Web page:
To end this subsection, we summarize the results by plotting the total Root Mean Square (RMS) errors of the estimated βGPP and βRESP as functions of data assimilation cycles in Figure 10. The total RMS errors are calculated with respect to the truth, in all model points, and for all experiments listed in Table 1. Figure 10 indicates clear positive impact of dynamic localization in reducing RMS errors in all data assimilation cycles when the ensemble size is small (40 and 60 ensembles). For ensemble size of 100, the impact of covariance localization is slightly negative, since the RMS errors are slightly smaller in the experiment without localization, indicating that for ensemble sizes of around 100 or larger covariance localization might not be needed (at least not in all cycles). Finally, the RMS errors of the experiment with 500 ensemble members, which is performed using localization only in the first two cycles, are comparable to the RMS errors of the KF. Additionally, posterior error covariance is in good agreement with the KF results (Figure 9), thus indicating superior performance of the experiment with 500 ensembles in both aspects. The results of this subsection are quite encouraging indicating not only positive impact of dynamic localization when the ensemble size is small, but also smooth convergence of the reduced-rank MLEF solution to the KF solution. We will further examine the convergence of the MLEF solution toward the KF solution in the experiments with the Ring of Towers, presented in the next subsection.
6.2. Impact of More Data
 To further examine the convergence of the MLEF solution to the KF solution, let us examine total RMS errors of the estimated biases (βGPP and βRESP), plotted in Figure 11 as functions of ensemble size. Results from third and seventh data assimilation cycle, using observations from a single tower (WLEF) and the Ring of Towers, are shown. As the figure indicates, all experiments converge to the KF solution. The convergence is fast up to the ensemble size of 100 (the lines are steep), and after that, it dramatically slows down. Thus in the range of ensemble sizes 100–1800 only small improvements could be expected when increasing the ensemble size. Thus from the cost-benefit point of view, one can decide that ensemble size of 100 is the best choice for the data assimilation problem of this study.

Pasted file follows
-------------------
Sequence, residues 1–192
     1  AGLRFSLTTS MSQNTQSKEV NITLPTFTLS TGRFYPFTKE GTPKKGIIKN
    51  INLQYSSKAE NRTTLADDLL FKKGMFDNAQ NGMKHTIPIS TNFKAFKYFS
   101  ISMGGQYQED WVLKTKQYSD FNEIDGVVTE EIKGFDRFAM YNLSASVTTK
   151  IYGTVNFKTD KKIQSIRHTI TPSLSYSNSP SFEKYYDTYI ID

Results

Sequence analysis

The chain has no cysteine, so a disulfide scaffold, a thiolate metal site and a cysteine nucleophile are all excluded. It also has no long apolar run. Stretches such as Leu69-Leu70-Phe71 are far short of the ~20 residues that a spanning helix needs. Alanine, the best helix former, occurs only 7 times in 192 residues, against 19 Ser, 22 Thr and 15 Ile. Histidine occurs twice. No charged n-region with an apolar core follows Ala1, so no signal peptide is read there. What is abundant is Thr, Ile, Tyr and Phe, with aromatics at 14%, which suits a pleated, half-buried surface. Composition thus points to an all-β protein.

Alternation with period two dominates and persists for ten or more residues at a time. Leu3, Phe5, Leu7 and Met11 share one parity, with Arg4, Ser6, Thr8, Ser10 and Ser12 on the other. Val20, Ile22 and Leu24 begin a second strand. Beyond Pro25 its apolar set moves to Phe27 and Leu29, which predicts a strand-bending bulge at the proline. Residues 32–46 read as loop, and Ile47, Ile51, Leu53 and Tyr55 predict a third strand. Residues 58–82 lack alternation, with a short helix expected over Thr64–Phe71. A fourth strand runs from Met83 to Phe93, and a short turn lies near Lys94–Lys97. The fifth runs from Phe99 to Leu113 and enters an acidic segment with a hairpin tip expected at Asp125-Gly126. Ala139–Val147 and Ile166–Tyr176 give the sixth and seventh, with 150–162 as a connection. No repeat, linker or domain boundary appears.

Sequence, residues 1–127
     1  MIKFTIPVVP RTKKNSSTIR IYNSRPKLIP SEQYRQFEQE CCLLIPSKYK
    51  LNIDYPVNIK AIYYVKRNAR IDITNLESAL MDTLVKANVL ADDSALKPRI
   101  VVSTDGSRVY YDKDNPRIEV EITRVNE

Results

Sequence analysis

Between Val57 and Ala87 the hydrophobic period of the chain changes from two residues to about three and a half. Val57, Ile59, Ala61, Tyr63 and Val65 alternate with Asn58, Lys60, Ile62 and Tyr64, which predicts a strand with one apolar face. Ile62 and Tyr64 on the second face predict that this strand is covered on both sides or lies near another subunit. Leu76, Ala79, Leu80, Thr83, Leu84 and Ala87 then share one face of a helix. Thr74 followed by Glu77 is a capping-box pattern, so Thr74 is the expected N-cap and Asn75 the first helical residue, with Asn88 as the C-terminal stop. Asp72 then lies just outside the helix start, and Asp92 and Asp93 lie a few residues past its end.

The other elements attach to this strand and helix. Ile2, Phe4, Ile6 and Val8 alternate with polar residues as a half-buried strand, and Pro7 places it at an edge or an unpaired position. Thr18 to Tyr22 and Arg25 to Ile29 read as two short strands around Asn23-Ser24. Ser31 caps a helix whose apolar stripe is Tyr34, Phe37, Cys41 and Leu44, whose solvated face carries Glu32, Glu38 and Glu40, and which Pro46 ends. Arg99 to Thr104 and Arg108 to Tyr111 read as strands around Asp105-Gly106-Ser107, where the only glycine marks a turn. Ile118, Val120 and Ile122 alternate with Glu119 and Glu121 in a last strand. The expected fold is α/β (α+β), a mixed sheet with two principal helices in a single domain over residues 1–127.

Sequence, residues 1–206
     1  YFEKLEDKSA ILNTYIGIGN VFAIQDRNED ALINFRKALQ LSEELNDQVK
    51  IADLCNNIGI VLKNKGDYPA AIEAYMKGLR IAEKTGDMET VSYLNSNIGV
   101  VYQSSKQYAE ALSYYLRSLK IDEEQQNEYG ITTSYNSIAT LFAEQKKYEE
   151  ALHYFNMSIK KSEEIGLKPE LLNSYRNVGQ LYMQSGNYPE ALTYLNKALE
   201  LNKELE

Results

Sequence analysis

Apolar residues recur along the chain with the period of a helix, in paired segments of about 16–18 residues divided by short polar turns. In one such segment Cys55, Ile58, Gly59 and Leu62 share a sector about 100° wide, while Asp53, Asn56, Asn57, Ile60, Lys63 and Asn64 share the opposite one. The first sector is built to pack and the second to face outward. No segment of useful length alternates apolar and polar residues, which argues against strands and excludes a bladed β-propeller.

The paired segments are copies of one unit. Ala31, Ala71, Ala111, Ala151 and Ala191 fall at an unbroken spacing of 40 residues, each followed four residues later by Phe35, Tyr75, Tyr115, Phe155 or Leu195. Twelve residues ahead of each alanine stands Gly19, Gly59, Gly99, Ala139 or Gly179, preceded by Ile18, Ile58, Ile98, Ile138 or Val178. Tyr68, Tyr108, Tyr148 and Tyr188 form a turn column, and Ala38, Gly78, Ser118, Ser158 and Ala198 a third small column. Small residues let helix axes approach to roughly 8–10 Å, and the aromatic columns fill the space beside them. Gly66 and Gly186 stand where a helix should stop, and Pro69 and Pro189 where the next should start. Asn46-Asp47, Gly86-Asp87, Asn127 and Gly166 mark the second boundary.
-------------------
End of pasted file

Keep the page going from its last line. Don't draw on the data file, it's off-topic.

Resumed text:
Examining the impact of more data in Figure 11, we can notice that more data from the Ring helps reducing the RMS errors for all ensemble sizes in both 3rd and 7th data assimilation cycle. The improvements are larger in the 3rd cycle (after 30 days) than in the 7th cycle (after 70 days), which leads to the results of the Ring after 30 days being of similar quality as the results of the WLEF after 70 days. These results indicate that more observations would be helpful when estimating biases that have shorter timescales.
 Let us now examine if the more observations from the Ring brings more independent pieces of information. This can be accomplished by evaluating DOF for signal (ds), defined as [e.g., Rodgers, 2000; Zupanski et al., 2007]:
where λi2 are eigenvalues of the information matrix A, given in (6) and (7). DOF for signal in (11) measures the number of independent pieces of information of assimilated observations that are above the noise (λi2 > 1). Since dimensions of the matrix A are small (Nens × Nens) it is easy to calculate its eigenvalues, even when the model state vector is large (i.e., Nstate is large). Note that ds cannot exceed the ensemble size, thus, it can be underestimated in the experiments using insufficient ensemble sizes. Nevertheless, as demonstrated in Zupanski et al. , it is still valid to compare ds values within the same ensemble size.
 In Figure 12 we show ds, obtained in the experiments with the WLEF tower and with the Ring of Towers, as a function of data assimilation cycles. Results using ensemble size of 100 and 1800 members are shown as examples. As the figure indicates, assimilation of more observations brings more independent information to the system. The information content of data is the highest in the first couple of data assimilation cycles, since the system's knowledge about the truth is poor (similar results are also obtained using a different dynamical model in Zupanski et al., 2007). The information content also changes from one data assimilation cycle to another due to dynamical changes in the flow patterns and other variables that drive the LPDM influence functions. We can also notice a slight underestimation of the true information content in the experiments with 100 ensembles (lines are slightly below the lines obtained using the KF); however, the essential characteristics of the information content are well captured with 100 ensembles.
 We illustrate the impact of more data on the solutions for βGPP and βRESP and their posterior uncertainties in Figures 13–16. Results obtained after 7th data assimilation cycle are shown. Figures 13 and 14 show estimated βGPP and βRESP and their uncertainties, obtained using 100 ensemble members (experiment MLEF_100ens_loc of Table 1, which includes dynamic localization). Figures 15 and 16 show the same results, but using the KF approach. The figures indicate that more observations bring further improvements to the estimated biases and their uncertainties, for both the MLEF with 100 ensemble members and the KF. The east-west discontinuity line is slightly better defined, there is more distinctions between small scales in the south and large scales in the north, and the minimum values of the posterior uncertainties match the locations of the towers. These are all theoretically expected, and thus quite encouraging results, indicating good performance of the data assimilation system, and benefits of having more towers. Furthermore, the locations of the towers in the Ring seem to be appropriately chosen, since this choice results in a rather uniform wide area around the towers of strong error reduction. This, however, has to be confirmed in the experiments with real observations, which will be done in the next stage.